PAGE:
…..Also, she wanted Ron Carter to write the arrangements.  I thought that was a little strange.  He could do the job, obviously, but he’s more known as a bass player than an arranger.  Plus, we already had Charlie.  To have Charlie and Ron Carter in the same room was not great.  We had some conflicts – some personality clashes – and had to handle that.  For all those reasons, it wasn’t easy, but at the end everything was cool.  Jacke came and did his parts.  Abbey recovered, and everybody was really happy.  I learned a lot from that session.

…..What was the setup in the studio?

…..We always worked with the band.  They were isolated, but they were always in the studio.  Sometimes, Abbey would change a word or correct a mistake – just little things.  One time, she wanted to change a whole vocal part because she had another idea for how she wanted to interpret the song.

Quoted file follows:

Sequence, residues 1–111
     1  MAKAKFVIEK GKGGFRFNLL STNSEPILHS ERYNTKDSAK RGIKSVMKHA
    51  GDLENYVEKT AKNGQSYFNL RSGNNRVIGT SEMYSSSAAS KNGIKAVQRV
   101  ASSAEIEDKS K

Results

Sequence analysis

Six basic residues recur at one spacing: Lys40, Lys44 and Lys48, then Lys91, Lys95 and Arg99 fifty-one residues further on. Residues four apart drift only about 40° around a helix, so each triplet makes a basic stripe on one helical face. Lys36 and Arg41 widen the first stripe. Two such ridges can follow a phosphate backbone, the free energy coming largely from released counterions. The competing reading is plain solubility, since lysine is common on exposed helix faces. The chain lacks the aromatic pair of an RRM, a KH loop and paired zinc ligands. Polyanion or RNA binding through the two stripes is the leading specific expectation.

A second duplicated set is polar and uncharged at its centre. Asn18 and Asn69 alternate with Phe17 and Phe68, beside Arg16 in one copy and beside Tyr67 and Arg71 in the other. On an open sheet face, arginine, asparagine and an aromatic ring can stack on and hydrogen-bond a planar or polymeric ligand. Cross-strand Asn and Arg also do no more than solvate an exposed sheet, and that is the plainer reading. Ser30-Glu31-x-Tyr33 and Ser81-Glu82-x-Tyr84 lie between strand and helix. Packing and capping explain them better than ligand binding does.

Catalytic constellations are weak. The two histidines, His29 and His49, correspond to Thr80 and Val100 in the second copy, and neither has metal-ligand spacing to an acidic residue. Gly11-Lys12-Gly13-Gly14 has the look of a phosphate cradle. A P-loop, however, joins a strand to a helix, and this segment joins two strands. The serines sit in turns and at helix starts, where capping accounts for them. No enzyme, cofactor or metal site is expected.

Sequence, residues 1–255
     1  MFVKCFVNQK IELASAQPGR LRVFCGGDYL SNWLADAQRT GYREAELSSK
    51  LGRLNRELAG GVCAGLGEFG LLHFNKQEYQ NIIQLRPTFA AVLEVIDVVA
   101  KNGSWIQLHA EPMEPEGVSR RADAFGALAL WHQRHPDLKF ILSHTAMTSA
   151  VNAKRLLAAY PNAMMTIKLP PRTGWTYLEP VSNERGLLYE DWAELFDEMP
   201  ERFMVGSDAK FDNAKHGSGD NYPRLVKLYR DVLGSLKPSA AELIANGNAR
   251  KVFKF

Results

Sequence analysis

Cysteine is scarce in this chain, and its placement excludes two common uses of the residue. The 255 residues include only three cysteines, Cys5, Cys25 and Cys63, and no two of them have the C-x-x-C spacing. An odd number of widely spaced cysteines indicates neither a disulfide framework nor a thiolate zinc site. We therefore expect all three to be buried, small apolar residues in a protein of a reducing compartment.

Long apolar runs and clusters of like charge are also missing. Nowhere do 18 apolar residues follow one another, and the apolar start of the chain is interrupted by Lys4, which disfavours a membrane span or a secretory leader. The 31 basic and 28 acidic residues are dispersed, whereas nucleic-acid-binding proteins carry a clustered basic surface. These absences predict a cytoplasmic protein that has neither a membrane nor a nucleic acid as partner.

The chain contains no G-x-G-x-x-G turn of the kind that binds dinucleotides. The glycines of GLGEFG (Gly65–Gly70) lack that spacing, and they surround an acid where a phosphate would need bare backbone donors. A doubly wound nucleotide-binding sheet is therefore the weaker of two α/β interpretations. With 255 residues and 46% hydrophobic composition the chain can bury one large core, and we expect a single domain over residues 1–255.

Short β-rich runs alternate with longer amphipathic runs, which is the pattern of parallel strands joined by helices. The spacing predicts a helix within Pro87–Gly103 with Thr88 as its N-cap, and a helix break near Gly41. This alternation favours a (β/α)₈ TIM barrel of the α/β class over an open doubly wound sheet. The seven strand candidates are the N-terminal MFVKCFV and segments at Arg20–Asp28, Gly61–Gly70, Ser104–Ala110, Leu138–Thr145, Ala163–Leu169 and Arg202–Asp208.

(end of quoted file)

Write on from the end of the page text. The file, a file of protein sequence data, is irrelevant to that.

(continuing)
…..You’ve worked a lot with Jay Newland.  What do you look for in an engineer?

…..He was on Abbey’s first [Verve] recording because he was the house engineer at BMG [RCA Studios].  I noticed that he was really into the music.  David Baker was the main engineer.  Jay is very quiet.  We formed a relationship.  After that, I worked with another engineer, but I wanted Jay to be the assistant.  Then I started to notice that, for me, he was the best engineer for this kind of project.

…..When Jay is not the engineer, I’m always frustrated.  He does exactly what I want to hear without talking a lot.  He’s really quick.  He’s one of the fastest engineers.  With him, you never have a sound check.  The musicians come, and when they’re ready, they can play.

…..When someone comes into the booth to listen to a take, it sounds good already.  It’s not unbalanced.  It’s inspiring.  When I work with him it’s really easy to keep the energy going. We don’t waste time and energy making takes and takes because we don’t know if we have what we need.  We always know sooner with Jay, because of his ability to do really great rough mixes.